Football (or soccer, for those who play a version of football with their hands) unites millions of people around the world. Unfortunately, like any contact sport, football comes with its own share of injuries. If you play the game or are thinking about doing so - World Cup inspiration, anyone? - then here are five of the most common football injuries and tips for recovering from them.
What to do about swelling
Before we get started, we should address ice. Chilly and often added to drinks, you’ve no doubt also used ice (or frozen peas) to numb the pain of an injury and reduce inflammation and swelling. We’ve addressed this before in our common rugby injuries guide, but there are some schools of thought that say applying ice to reduce inflammation can limit the early stages of the healing process.
It’s not definitive which approach - ice or no ice - is better, but we want to keep you up to date with the latest information. All that said, many guides and health professionals will still advise the use of ice.
Electrotherapy is another effective solution for both managing pain and inflammation. It can even support healing as well by promoting blood flow to the area!
Now, about those injuries. In no particular order…
1. Lateral ankle sprain
A lateral ankle sprain is when the foot rolls inwards, under the foot. This then stretches the ligaments (tissue that connects bone to bone) on the outside of the ankle. If the force on the ligaments is strong enough, or they are already suffering, perhaps due to multiple smaller stresses, then the ligaments can be hurt.
You’ve probably come surprisingly close to doing this several times and it is quite easy to do on the football pitch, often when landing from a jump.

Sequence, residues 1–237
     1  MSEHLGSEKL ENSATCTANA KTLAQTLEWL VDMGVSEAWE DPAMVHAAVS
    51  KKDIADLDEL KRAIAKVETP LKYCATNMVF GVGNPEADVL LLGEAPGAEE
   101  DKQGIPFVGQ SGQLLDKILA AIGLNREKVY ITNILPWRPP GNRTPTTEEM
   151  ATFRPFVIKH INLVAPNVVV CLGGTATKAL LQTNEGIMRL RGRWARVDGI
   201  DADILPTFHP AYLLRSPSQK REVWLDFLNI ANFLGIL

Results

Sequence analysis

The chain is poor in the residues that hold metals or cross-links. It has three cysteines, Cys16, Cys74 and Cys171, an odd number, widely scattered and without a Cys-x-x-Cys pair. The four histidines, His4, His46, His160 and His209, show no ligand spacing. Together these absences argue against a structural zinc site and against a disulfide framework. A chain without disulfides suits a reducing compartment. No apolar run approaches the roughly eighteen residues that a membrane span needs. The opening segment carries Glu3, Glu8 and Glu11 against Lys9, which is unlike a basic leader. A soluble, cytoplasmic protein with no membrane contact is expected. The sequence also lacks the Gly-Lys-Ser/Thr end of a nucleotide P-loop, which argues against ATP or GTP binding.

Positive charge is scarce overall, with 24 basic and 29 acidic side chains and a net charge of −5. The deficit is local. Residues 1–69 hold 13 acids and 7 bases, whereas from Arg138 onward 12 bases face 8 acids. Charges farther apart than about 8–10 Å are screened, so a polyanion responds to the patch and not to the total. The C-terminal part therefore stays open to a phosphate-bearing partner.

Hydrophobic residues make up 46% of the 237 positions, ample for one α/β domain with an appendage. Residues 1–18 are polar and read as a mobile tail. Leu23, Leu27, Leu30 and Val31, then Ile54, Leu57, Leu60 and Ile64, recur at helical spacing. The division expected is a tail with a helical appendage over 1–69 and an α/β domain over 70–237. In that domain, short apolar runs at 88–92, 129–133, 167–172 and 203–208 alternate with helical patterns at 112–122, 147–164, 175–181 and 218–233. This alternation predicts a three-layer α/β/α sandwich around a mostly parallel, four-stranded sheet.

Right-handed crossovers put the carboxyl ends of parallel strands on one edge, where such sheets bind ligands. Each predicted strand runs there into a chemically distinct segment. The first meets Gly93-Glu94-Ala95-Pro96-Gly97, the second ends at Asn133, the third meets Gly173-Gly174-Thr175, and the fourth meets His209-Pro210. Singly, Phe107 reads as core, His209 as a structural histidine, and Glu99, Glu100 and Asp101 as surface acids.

Lateral ankle sprains can vary from just stretching the ligament too much to a complete or partial tear of the ligament.
Recovery for this obviously varies with severity, but generally involves resting and protecting the injured area at the beginning, along with monitoring swelling. Once it’s not too painful, you should start rehabilitation exercises to strengthen the ankle. These often include rotating the ankle, rolling the foot inwards and outwards (like the injury in the first place, just more gently), and balance exercises.
If none of the non-surgical options have worked, then surgery may be needed to fix the damage.
Overall, recovery should take about 8 weeks unless surgery was needed. When returning to playing football after this, you should reinforce the joint somehow - maybe with an ankle brace or tape - for about 6 months.
2. ACL tear
A nasty injury. The anterior cruciate ligament (ACL) goes diagonally through the knee and is important for preventing the knee from rotating too much. Damage to the ACL is usually the result of a sudden impact. This might be a tackle, but fancy moves that involve rapidly changing direction can also be a cause.
The ACL can either just be stretched or torn (partially or completely). In the case of a tear, the knee can feel unstable and trying to walk on it can easily result in further falling over and damage, although we would be impressed if you managed to walk after tearing your ACL!
However bad the injury, make sure to protect it and manage the pain and swelling. Recovery for a stretched ACL can usually be managed at home - although do see a professional first - with exercises to strengthen the muscles that influence the knee, such as the quadriceps. Strengthening these muscles will help support the knee as it heals and is extremely important if you need surgery (which almost all tears usually do) because it can prevent suboptimal outcomes after surgery, such as knee stiffness.
For better results when strengthening these muscles, you can employ electrical stimulation, such as delivered by our devices. This is because it optimises recovery and in doing so can improve the gains made.
If surgery is needed, then you will also need to work on being able to extend your knee fully and slowly improve how much weight you can put on it afterwards.
The other thing to bear in mind is that an ACL injury often comes with damage to other structures in the knee, particularly the meniscus (more on that later) and the MCL (another ligament).
Considering all of this, a minor ACL injury can take just a couple of weeks to heal, but a tear can take 6 months or more.
3. Meniscus damage
Each knee has two menisci, which act as shock absorbers and protect the bones of your leg. They’re usually injured if you suddenly twist your knee while your foot is stuck in the ground, which can easily happen if your studs are planted in a muddy pitch.